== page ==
Later, as Walter is drug away from court, his last words to Toby are to win his bail money and get him out of jail. Toby and Sylvester (Ari Stidham) get half way to what they need, but with time running out to post bail, Toby looses it all in an impetuous and impulsive move. In a harsh conversation where Walter expresses his disappointment in Toby for the failure, Toby lashes out, get’s defensive and accuses Walter of taking too much pride in always demonstrating that he’s right. But it’s Walter that really drops the emotional hammer.
“No. I’m not always right. I thought I could count on you. I sure wasn’t right about that.” ~ Walter
We do understand the emotional drive this scene was supposed to compel us to feel. Both Walter and Toby are in the wrong. It’s as much Walter’s arrogance as anything that has put him in trouble, and asking an addict to overcome his addiction in one fell swoop to rescue him isn’t the right approach to pull himself out of the fire. All those things came through, but what made the scene and episode up to this point feel disappointing was that we’d seen more emotional growth from Walter and team up to now and this felt very much like that had all been for naught. We’ve needed reasons to root for this team, and neither Walter’s arrogance nor Toby’s childish lashing gave us one side or the other to feel connected with in this moment.
Scorpion is too serious and has too much potential to be this silly.
As they close in on idea that the casino owner Bob Connelly (Corbin Bernsen) may have orchestrated the heist to get out of his own financial trouble, they all take big risks. Toby and Happy (Jadyn Wong) zip-line from an adjacent building to access the records they’d need to prove their theory and Walter escapes from his cell to prove his own innocence. Both moves seemed over the top, but as normals we may still not understand how our geniuses think.
Our fear of Sylvester’s phobias becoming little more than comic relief seemed to come full circle as well. Sylvester’s fears up to now have been obstacles that provided him moments of maturation. Stidham has created a lovable character and we want to root for him to succeed. No real emotional reward for him facing his fears made the comedy ring a bit hollow this time around. Instead of laughing with Sylvester, we’re laughing at him as he’s freaking out in traffic and this show, up to now has been too serious for that to happen.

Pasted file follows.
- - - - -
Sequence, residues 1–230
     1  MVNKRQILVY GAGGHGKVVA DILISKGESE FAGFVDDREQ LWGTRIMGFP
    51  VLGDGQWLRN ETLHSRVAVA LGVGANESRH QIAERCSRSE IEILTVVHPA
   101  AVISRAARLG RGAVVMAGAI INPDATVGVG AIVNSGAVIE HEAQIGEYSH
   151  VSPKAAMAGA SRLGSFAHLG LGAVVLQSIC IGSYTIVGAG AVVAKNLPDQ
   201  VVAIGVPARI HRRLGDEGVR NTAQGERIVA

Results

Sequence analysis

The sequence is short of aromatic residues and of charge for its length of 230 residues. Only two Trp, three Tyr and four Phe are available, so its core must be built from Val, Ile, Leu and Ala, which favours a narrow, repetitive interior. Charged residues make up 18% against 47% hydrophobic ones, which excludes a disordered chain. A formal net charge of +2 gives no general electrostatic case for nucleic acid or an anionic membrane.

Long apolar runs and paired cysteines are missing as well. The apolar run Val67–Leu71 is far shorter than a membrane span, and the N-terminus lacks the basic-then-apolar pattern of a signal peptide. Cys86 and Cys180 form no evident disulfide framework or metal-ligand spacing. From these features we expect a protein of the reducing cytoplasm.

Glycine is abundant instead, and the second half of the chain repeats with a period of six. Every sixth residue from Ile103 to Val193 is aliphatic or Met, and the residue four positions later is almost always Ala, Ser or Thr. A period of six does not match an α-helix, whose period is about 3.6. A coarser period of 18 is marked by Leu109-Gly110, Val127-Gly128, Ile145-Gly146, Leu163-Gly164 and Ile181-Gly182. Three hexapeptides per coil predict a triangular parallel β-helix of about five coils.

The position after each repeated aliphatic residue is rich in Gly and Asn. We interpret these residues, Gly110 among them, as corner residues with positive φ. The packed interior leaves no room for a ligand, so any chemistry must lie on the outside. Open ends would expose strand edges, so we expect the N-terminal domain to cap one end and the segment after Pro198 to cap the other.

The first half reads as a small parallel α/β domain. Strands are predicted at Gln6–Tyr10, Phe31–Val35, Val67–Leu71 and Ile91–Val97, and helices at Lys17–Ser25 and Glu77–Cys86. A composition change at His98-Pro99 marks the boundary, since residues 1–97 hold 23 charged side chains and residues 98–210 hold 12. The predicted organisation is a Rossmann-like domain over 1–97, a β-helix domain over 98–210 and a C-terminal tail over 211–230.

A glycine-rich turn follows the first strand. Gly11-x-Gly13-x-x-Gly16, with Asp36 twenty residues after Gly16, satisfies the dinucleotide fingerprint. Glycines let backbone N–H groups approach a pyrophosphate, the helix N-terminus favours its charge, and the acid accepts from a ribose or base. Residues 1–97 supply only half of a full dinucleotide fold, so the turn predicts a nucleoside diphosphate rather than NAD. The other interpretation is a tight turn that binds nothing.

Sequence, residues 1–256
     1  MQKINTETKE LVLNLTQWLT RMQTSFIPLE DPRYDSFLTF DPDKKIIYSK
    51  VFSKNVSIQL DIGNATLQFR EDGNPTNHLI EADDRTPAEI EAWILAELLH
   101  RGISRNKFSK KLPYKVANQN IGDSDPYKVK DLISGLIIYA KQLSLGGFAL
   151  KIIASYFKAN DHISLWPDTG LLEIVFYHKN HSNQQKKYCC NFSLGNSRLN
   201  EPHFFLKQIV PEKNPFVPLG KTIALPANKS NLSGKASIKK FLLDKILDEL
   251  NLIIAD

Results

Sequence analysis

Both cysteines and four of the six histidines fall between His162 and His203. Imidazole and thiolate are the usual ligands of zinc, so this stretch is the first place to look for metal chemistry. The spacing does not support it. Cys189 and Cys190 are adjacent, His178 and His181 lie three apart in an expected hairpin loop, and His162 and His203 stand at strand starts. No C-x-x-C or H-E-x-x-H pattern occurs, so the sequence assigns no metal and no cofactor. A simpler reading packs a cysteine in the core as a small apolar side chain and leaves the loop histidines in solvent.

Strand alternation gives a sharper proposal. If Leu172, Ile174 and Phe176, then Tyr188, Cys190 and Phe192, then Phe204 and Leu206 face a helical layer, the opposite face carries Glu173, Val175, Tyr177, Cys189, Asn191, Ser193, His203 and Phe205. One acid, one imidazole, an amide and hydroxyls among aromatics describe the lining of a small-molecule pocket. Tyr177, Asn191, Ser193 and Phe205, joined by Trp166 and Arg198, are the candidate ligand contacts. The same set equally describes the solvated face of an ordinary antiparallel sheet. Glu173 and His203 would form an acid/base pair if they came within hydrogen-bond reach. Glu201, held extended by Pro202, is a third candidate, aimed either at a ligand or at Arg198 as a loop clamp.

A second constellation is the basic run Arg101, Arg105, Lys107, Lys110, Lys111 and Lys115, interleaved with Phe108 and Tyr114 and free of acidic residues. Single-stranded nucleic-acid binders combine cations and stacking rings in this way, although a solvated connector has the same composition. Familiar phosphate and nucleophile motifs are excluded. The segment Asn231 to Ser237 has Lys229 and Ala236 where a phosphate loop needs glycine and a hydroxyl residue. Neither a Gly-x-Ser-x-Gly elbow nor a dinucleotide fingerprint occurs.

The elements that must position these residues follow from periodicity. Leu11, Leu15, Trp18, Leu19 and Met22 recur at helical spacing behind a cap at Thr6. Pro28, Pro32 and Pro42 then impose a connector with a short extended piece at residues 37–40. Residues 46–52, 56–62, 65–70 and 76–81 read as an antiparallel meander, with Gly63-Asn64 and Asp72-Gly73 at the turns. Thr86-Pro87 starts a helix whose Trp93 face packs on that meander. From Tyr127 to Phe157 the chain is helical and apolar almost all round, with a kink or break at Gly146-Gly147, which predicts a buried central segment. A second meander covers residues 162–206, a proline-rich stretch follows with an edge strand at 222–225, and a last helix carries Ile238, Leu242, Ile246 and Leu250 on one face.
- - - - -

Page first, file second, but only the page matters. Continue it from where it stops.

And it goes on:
While Toby frantically leads security on a running chase, Happy does gets the information they need to Sylvester who is rescued from traffic by a now free Walter. We’re not certain if the risks and gags were based on real events as all the stories in this show are purported to be, but they felt a bit overly done and unnecessary. The entertainment value of these moments thus far in this show worked when there was emotional growth, but none of the characters seemed to find as much growth as we’d like as the episode closed.
“So you’re a genius?” ~ Casino Thug
“Right now, I’m not feeling like one.” ~ Toby
When Cabe finally re-enters near the end to rescue everyone from the real culprit, genuine danger and also themselves, the primary lesson Walter seems to get was “I told you so” in that this team can’t go on it’s own. Toby’s addiction isn’t dealt with at all and in fact is encouraged by Walter as the two decide to gamble their way from a few dollars up to first class tickets in order to get back home when left in the desert by Cabe.
FINAL VERDICT: Flaws and less serious treatment than we’d like made parts of this episode ring a bit hollow, but ending with the emotional upswing we’ve come to expect from Scorpion does give us hope.
It took a bit of thought to figure out what did work and what didn’t in this episode and why it didn’t have the same good vibe as the others up to now from end to end. We simply missed Robert Patrick’s levity and guidance and it was a definite gamble by writer Elizabeth Beall and Executive Producer Nick Santora to omit him. Perhaps the reality is that this show isn’t quite ready to go on it’s own without Patrick just as the team wasn’t ready to step away from Cabe. We also missed Ralph. Without him, to provide moments of reflective growth for Walter, we just didn’t have the same feel-good ending.